Gold Proxy

Most of the world is currently facing a high inflation environment. While the impact for Malaysia is still muted so far, many think that is due to the price-controlled items and subsidies. 

At the same time, many economists think that the efforts taken by the authorities will lead to slower economic growth or even a recession. Would this also happen to Malaysia?

Many have recommended that in high inflation or stagflation situations, gold can be a good hedge.

“…Gold is seen as a hedge against inflation and a store of value through thick and through thin. Holding gold, however, comes with unique costs and risks, and the data show that historically gold has disappointed on several of its purported virtues.” Investopedia

When it comes to investing in gold, the options are either to invest directly in gold (actual metal, or gold ETF) or gold proxy stocks. Gold mining companies are often seen as proxies for gold.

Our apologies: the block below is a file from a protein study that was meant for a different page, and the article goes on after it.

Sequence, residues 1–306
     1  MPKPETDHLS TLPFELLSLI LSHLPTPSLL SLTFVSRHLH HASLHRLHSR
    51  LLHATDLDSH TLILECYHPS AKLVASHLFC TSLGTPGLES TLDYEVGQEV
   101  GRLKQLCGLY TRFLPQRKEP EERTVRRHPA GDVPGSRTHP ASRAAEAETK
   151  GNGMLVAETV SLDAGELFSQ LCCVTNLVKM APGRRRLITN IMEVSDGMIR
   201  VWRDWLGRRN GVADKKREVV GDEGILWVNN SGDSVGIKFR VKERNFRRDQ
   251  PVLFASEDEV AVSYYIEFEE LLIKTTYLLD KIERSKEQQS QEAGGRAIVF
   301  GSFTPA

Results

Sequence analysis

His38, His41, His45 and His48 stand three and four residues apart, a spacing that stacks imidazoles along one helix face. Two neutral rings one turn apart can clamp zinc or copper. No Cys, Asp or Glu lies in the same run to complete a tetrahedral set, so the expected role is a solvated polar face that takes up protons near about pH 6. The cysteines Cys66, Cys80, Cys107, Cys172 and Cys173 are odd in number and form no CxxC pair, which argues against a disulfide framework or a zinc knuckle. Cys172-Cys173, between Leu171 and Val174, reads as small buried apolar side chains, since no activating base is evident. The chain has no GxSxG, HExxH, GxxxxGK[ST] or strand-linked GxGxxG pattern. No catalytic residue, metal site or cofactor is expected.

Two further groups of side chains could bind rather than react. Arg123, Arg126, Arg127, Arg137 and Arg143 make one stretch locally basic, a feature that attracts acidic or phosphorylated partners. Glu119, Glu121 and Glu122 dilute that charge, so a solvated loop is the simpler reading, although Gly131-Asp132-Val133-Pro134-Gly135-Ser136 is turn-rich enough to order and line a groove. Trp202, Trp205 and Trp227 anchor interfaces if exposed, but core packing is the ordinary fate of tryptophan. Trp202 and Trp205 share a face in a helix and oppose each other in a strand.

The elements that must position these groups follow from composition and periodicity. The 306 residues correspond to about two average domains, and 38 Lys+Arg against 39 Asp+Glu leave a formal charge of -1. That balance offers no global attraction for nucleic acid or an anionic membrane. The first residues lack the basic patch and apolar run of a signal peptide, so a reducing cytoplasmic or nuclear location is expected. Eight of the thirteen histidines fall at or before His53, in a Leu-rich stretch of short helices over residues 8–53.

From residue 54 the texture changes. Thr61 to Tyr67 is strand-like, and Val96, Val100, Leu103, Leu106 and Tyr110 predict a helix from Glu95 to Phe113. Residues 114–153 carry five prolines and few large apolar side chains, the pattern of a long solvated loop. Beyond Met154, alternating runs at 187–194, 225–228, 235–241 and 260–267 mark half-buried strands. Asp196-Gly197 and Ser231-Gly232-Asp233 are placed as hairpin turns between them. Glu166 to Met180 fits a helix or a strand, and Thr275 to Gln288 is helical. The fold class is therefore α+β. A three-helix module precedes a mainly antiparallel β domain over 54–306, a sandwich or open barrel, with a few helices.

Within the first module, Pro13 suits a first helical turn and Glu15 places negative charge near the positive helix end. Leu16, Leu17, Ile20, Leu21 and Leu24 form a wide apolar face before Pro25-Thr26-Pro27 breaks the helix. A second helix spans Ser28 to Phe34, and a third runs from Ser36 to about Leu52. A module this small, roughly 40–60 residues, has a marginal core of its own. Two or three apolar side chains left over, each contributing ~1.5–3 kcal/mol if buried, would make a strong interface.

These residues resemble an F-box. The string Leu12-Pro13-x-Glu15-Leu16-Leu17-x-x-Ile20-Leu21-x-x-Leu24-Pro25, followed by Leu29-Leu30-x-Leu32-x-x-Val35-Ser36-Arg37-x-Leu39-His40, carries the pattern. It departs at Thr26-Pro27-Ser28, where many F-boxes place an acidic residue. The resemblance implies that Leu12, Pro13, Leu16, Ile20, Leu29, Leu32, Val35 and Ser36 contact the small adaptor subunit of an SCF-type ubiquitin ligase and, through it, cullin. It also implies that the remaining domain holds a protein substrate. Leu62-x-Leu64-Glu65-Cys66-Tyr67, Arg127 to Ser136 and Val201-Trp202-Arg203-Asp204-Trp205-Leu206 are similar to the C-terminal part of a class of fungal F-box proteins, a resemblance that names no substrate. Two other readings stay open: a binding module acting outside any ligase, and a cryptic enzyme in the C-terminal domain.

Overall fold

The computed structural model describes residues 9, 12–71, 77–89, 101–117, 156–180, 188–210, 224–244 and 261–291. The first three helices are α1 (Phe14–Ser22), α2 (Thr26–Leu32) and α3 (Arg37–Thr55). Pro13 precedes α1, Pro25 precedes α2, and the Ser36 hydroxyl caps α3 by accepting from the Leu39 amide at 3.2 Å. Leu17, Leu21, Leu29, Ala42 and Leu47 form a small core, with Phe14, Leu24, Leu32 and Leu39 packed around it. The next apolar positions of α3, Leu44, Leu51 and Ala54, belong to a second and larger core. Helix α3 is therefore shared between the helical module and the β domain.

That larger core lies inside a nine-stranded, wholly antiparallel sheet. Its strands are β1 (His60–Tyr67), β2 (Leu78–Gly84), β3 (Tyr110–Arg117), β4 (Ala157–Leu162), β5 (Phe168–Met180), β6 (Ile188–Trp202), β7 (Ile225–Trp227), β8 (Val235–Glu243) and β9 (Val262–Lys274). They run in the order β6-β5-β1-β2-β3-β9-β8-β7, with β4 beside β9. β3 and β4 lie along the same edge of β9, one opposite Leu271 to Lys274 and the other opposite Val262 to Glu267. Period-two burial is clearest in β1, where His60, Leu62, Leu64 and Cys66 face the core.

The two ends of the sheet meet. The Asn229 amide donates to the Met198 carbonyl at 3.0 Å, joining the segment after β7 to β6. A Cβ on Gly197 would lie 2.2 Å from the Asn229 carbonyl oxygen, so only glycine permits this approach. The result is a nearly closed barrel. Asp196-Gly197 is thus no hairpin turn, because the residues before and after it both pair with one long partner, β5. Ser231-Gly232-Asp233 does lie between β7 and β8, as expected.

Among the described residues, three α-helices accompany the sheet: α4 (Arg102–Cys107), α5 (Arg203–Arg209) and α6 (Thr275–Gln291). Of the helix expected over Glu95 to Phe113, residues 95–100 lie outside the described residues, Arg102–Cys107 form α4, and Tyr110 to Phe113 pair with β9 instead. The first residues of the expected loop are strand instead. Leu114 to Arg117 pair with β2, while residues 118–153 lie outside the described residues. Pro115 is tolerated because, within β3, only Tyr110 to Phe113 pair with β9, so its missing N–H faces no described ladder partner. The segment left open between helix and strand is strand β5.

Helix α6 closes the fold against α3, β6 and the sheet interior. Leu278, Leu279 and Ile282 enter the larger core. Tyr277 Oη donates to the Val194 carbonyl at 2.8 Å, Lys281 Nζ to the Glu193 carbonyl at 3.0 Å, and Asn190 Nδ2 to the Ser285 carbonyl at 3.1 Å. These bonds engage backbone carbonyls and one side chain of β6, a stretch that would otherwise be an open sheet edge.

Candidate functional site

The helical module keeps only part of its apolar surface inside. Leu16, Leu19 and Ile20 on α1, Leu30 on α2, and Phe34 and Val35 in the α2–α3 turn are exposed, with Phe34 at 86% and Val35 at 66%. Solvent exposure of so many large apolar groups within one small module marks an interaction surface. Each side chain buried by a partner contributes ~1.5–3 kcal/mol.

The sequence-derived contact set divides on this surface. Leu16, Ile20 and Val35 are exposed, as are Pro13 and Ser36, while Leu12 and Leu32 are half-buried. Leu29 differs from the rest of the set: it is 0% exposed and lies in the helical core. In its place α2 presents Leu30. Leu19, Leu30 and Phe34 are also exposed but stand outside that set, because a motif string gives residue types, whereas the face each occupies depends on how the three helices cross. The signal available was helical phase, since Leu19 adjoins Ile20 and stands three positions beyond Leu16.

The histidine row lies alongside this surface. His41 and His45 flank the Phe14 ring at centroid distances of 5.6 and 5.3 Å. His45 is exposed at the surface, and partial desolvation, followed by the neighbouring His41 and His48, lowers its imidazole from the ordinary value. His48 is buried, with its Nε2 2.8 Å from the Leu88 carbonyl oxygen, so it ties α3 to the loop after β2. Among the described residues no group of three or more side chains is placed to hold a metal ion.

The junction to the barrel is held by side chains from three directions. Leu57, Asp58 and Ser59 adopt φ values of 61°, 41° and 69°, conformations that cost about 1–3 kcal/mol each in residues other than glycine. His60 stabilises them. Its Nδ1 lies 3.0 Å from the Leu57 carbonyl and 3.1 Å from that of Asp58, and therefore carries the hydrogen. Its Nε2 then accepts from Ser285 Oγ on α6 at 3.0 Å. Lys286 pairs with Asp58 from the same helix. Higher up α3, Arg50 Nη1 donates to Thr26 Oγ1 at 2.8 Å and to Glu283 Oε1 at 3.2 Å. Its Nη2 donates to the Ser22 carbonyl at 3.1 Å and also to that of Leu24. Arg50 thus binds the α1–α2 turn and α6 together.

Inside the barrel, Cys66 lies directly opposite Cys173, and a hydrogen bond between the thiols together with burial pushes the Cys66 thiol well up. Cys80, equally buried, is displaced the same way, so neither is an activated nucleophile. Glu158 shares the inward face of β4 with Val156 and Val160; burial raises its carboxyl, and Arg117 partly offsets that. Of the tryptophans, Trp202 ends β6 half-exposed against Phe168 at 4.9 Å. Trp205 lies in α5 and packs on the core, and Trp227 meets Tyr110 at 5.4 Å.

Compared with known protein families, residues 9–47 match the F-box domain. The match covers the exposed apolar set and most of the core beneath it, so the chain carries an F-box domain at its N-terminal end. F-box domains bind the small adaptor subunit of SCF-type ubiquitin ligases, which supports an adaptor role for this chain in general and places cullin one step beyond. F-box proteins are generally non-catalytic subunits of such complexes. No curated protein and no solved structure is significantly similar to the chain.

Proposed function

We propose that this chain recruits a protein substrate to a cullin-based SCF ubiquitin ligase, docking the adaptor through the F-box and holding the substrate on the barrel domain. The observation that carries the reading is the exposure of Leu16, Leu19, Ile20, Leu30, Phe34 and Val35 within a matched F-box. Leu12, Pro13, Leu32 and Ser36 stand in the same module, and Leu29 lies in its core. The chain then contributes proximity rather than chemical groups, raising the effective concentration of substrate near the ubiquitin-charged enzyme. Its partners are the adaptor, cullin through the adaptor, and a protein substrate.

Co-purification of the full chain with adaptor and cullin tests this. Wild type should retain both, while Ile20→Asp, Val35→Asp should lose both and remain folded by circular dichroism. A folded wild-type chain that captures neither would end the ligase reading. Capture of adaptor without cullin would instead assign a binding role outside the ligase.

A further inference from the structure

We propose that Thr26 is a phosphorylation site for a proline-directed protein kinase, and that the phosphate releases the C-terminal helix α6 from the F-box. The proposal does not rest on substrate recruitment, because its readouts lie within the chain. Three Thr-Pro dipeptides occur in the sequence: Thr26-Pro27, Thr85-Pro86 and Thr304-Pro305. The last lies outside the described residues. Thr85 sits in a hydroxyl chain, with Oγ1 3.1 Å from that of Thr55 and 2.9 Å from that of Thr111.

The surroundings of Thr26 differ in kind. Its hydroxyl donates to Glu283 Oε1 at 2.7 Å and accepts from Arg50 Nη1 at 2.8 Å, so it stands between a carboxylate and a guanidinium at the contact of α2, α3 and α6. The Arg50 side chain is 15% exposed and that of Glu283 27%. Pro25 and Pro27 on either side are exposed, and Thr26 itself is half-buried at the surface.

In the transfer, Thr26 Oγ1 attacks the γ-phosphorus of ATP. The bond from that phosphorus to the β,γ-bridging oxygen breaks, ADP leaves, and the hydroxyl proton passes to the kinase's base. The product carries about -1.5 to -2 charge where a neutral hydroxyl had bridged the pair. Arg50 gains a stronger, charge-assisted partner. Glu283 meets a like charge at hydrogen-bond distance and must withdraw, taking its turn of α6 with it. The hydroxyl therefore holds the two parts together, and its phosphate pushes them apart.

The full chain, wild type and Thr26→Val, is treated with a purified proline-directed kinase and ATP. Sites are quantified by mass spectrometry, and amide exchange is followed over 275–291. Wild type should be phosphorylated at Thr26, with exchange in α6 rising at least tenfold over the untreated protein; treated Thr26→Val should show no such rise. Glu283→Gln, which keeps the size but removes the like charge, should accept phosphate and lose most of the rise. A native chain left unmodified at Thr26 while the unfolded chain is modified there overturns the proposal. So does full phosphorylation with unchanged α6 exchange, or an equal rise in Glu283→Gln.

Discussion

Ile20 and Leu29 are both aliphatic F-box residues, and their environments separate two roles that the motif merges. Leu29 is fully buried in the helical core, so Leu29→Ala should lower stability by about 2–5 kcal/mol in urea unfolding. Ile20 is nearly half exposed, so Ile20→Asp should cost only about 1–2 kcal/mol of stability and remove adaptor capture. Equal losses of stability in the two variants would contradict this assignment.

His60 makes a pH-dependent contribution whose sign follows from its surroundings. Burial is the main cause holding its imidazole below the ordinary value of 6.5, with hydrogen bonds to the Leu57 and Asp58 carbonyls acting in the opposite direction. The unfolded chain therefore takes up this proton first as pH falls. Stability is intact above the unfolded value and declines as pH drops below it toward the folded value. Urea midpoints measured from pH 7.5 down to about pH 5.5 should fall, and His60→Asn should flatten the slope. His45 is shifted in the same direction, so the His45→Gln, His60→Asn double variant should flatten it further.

However, the general advice is that if you want gold as an inflation hedge, it is better to invest in gold rather than the mining companies.

  • “Physical metal outperforms gold miners over the long run, and it should always be the preferred precious metals investment” Suisse Gold
  • “…the shares of stock of gold companies are correlated with gold prices but also are based on fundamentals...This means investing in individual gold companies carries similar risks as investing in any other stock.” Forbes

But Poh Kong is not a gold miner. Can an investment in Poh Kong be considered a proxy for investing in gold?
Chart 6 compared the revenue trend for Poh Kong vs for the price of gold since 2001. Note the 2 periods that I mentioned earlier – up to 2012 and post-2012. 

There is a 0.77 correlation between the price of gold and Poh Kong's revenue. I would consider this significant and hence the investment in Poh Kong can be considered an investment in a gold proxy.